In less than an hour, our first wall was done!
Oh—it's important you do a dry fit first to make sure you don't end up with any slivers in obvious places. The wall above was an inch larger than our four rows of tile, so I opted to have the 1" pieces on the left side (which is more inconspicuous) instead of the right.
My favorite part was actually the details. I liked working with individual pieces after they had been cut. It's hard to get the mastic around smaller areas (especially when there's already tile in place around it) so for these I'd "butter" the back of it and set them in place.
Also, around the narrower areas with less room to work, I used a smaller putty knife instead of the trowel to get into all of the nooks and crannies. Then I'd come back with a trowel to smooth it out.
We were so lucky here... the area above the sink fit four rows of tiles perfectly so we didn't have to make any cuts.
But of course it evened out in other areas, like this one, where there were some small pieces against the window. We also had to leave a gap next to the door, otherwise it wouldn't be able to open all the way (bad design).
Here's the other side of the window:
When stacking sheets of tile vertically, it's important to use your spacers! Even when they go in perfectly if you don't think you need them—they tend to shift. Often times I would step back and find tiles from earlier that had moved and I had to go back and shove spacers in before the glue dried. Fortunately, mastic gives you a pretty generous window (~30 minutes) for making adjustments. But my advice is don't skimp on the spacers, they're good insurance.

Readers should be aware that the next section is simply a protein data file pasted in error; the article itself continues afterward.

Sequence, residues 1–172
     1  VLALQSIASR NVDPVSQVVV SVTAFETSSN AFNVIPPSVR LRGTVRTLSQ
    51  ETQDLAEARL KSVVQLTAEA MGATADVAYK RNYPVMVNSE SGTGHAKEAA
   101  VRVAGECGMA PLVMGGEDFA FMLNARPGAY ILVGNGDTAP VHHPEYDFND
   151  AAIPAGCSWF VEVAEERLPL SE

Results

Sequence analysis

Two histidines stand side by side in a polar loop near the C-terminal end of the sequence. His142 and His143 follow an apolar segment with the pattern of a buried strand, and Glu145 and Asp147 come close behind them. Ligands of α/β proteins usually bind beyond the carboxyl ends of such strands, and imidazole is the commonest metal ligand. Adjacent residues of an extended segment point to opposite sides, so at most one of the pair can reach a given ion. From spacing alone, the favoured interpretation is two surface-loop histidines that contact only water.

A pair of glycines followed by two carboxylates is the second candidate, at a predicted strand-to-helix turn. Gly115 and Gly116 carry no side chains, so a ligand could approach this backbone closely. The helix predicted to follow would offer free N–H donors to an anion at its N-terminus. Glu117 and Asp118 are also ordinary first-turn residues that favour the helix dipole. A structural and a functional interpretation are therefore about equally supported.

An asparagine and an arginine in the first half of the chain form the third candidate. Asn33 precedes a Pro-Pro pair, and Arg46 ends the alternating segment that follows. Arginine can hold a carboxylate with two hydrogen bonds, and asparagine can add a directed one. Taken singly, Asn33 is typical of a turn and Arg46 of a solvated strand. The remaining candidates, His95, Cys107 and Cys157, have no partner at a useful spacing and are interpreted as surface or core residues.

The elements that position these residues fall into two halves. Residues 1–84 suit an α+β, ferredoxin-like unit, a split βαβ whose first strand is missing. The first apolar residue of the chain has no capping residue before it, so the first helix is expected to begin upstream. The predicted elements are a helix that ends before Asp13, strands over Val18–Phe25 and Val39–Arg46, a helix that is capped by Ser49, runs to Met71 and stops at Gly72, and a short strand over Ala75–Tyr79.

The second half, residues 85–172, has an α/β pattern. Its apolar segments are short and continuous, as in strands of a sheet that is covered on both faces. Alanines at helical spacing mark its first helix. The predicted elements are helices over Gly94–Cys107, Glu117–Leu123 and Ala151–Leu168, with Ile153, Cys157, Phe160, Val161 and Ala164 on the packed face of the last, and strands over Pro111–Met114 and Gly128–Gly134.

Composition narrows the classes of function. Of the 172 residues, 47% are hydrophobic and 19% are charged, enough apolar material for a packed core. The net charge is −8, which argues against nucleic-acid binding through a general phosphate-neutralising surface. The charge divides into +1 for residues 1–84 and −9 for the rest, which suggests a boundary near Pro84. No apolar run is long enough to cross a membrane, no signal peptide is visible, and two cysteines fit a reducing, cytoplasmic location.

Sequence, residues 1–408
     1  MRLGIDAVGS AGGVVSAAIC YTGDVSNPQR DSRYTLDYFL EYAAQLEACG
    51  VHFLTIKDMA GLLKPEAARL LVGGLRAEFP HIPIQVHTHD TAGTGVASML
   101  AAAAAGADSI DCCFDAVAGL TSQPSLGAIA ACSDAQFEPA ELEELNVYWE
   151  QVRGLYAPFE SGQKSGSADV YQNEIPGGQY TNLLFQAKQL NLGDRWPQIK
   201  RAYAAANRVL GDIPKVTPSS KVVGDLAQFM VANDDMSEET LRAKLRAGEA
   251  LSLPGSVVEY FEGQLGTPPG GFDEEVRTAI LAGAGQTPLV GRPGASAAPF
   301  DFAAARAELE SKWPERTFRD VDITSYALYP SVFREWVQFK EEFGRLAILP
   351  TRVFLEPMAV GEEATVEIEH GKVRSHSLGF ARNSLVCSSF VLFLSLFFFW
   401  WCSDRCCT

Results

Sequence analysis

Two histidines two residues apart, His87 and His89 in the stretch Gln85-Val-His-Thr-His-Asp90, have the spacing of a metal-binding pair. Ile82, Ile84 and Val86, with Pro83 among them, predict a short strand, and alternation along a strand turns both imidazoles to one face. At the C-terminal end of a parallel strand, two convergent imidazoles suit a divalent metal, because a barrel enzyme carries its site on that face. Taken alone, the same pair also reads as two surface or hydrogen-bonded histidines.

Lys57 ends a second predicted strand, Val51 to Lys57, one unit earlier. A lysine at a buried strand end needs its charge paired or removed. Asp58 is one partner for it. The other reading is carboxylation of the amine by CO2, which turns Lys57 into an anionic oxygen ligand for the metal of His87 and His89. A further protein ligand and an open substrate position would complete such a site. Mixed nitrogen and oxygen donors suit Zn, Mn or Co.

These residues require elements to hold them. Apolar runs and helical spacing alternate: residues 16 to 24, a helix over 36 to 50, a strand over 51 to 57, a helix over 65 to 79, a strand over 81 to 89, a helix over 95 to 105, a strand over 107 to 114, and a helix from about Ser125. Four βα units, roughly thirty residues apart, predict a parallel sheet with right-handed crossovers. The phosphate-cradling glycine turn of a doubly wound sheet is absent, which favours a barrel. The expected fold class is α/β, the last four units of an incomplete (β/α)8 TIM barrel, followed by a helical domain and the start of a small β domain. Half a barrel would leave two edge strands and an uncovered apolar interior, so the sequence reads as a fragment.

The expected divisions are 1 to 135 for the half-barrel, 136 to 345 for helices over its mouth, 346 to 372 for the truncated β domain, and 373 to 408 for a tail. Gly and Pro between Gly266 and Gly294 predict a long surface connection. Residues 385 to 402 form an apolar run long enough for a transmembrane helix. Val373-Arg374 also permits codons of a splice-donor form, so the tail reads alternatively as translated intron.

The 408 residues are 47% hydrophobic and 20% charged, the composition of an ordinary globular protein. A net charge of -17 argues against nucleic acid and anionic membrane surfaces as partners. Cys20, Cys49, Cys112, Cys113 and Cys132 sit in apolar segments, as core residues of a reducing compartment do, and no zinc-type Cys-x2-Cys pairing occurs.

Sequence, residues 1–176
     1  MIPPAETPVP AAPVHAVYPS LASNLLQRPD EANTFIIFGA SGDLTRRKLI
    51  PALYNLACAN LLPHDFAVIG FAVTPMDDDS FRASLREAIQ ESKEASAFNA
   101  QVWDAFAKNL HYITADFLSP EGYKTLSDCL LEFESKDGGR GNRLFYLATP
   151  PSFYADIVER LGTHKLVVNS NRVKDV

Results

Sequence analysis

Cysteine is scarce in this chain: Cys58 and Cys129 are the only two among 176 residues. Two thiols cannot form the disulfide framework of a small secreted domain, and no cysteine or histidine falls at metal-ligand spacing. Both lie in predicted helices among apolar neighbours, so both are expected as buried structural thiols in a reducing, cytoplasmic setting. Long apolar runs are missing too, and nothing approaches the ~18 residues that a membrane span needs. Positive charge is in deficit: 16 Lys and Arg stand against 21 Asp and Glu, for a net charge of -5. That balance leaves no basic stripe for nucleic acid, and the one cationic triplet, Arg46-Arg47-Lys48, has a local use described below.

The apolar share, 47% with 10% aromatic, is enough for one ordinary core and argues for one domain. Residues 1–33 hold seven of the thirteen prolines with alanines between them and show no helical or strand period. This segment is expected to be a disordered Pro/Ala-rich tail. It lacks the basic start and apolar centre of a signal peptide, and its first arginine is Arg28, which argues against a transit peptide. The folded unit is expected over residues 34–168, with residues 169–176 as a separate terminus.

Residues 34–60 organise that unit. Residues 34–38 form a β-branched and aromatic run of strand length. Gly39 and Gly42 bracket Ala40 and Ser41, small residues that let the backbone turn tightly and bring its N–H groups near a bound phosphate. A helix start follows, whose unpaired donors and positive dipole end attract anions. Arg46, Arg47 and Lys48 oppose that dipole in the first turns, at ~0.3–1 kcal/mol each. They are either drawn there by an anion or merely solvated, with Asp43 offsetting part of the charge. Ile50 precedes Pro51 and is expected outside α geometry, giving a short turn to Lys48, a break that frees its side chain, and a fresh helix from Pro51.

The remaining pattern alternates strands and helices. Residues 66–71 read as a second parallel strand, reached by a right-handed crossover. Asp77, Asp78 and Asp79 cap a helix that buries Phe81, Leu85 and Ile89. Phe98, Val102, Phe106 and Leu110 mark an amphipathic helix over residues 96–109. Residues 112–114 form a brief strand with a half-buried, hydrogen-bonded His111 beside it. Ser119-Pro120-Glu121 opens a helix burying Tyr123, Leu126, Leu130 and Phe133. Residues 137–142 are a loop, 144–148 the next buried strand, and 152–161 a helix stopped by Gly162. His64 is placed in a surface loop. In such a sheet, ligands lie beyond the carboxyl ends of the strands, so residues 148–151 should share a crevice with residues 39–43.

At around 4pm on Saturday (after 5.5 hours), we called it a day.
The next morning we were setting up and realized we'd forgot to wipe the mastic off of our starting point, which meant we had to scrape it off so the wall was even and the next sheet of tile would be level.
Don't forget to clean the mastic off first if you are going to take a long break!
On the second day I got smarter and wore latex gloves. SO much better than having mastic stuck all over your hands and having to scrub it off.
Really, the most difficult part of the whole job is just the physical energy it requires. Cutting and measuring is the easy part—spreading mastic for 5+ hours gets tiring. I'm still slightly sore.
But watching it all come together is oh so worth it.
Finally, we made our way underneath the window and back around to the end.
Actually, the end was the hardest part. Since we made a big loop around the window, the tiles had to meet back up at some point. Making sure the right side matched the left side so that they were perfectly interlocking when they lined back up was a challenge.
We actually didn't even think about it until it was too late, so the gaps were a little larger than they should have been.
It's important to note that tiling is an imperfect process. Even from the factory, some gaps were closer to 1/16" and others were over 1/8", so I wasn't going for perfection here.
And when you look at the big picture it's not really noticeable...
There will be pillows there which should help, and I also have a backup plan if it ends up bugging me (hint: white nail polish).
Walking into the kitchen is like a breath of fresh air now...
It really adds so much.
Oh, and we'll be trimming out the top and the right edge where it meets the planks with quarter round.
This afternoon I'll start grouting. The matching caulk was special order and won't be here for 1-2 more weeks, but we have plenty more to do this week (like build the second bench seat and tile our bar wall!)
More to come in a few days...